Affordable high-speed internet access, along with the relevant skills and computers to utilize it, has become foundational to participation in our modern world. Education, small business, health care and employment all require digital skills and access. Unfortunately, many individuals and companies lack such access, leaving them on the wrong side of what’s known as the digital divide.
In early 2018, based on input from the KC Fed’s Community Development Advisory Council, the Bank launched an investigation into the digital divide with two initial goals:
- Identify key challenges and opportunities to narrow the digital divide and communicate the findings broadly.
- Identify what, if any, additional role the Bank could serve to narrow the divide.
Through a series of roundtable discussions, one-on-one interviews, and an online survey, more than 160 practitioners weighed in. This feedback identified seven common themes that are addressed in a report the Bank recently released: “Disconnected: Seven Lessons on Fixing the Digital Divide.” The Bank structured Disconnected to serve as a primer for those with a direct interest in the topic but who lack a holistic understanding of the issues.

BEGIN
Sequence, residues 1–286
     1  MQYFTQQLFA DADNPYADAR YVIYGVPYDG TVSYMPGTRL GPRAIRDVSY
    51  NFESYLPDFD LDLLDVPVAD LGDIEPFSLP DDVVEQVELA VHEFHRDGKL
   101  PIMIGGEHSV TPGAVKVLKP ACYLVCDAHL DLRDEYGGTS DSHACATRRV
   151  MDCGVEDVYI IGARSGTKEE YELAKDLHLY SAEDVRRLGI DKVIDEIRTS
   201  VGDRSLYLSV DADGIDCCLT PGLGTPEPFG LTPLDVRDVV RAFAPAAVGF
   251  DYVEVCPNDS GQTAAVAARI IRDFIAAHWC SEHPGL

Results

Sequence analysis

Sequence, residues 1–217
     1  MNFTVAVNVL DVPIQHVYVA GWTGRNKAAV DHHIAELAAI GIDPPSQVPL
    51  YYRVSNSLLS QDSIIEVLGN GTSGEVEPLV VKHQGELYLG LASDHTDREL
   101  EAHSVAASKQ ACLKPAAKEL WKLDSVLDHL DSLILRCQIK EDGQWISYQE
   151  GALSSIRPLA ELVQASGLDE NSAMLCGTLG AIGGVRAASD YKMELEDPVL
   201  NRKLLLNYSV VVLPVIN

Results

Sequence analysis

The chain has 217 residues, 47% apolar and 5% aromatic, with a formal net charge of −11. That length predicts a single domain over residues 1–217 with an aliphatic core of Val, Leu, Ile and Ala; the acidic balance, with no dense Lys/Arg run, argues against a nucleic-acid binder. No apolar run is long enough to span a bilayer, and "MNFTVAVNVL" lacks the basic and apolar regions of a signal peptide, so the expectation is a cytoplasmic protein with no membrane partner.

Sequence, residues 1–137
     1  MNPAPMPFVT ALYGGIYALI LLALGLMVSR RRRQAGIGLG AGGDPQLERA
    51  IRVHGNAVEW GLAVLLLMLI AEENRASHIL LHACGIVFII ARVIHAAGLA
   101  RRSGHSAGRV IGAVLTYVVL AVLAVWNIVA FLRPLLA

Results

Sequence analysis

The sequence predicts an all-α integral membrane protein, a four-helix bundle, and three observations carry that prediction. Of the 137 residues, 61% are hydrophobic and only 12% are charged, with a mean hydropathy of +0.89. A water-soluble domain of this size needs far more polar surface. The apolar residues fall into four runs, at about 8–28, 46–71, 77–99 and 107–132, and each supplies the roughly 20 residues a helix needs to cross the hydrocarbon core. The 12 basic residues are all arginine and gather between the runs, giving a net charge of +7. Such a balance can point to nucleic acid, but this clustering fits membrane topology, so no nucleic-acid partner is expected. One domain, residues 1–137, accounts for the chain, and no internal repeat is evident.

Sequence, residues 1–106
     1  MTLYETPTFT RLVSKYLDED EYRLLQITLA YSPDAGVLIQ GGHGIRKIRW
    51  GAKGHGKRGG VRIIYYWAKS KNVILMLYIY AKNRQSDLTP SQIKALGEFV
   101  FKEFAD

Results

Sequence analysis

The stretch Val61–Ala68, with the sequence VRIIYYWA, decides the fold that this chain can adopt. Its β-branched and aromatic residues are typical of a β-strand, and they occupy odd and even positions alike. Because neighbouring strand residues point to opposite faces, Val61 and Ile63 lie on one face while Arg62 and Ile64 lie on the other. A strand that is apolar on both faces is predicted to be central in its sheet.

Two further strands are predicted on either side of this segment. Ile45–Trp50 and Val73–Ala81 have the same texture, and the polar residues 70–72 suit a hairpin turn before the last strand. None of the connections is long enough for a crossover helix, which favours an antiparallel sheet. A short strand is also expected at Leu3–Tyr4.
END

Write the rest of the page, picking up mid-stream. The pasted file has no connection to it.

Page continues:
Also, on July 31 and Aug. 1, the Bank hosted a conference in Kansas City for state broadband leaders. The conference dove deeply into the issues affecting broadband deployment initiatives, such as mapping actual broadband coverage, effective state regulations and approaches to working with state broadband taskforces. Participants came from as far west as Hawaii and as far east as Maine and Puerto Rico.
Looking ahead, the Bank plans to expand upon a pilot program it launched in October 2018 to donate 25 replaced computers to community development programs. In just six months, the donated computers were:
- Helping low-income students learn how to code and compete in robotics competitions
- Allowing three mothers to continue their education
- Increasing the digital skills capability of teachers in classroom
In 2019, the Kansas City Fed plans to increase the number of its donated computers to 75 and is consulting with other Federal Reserve Banks about launching their own programs.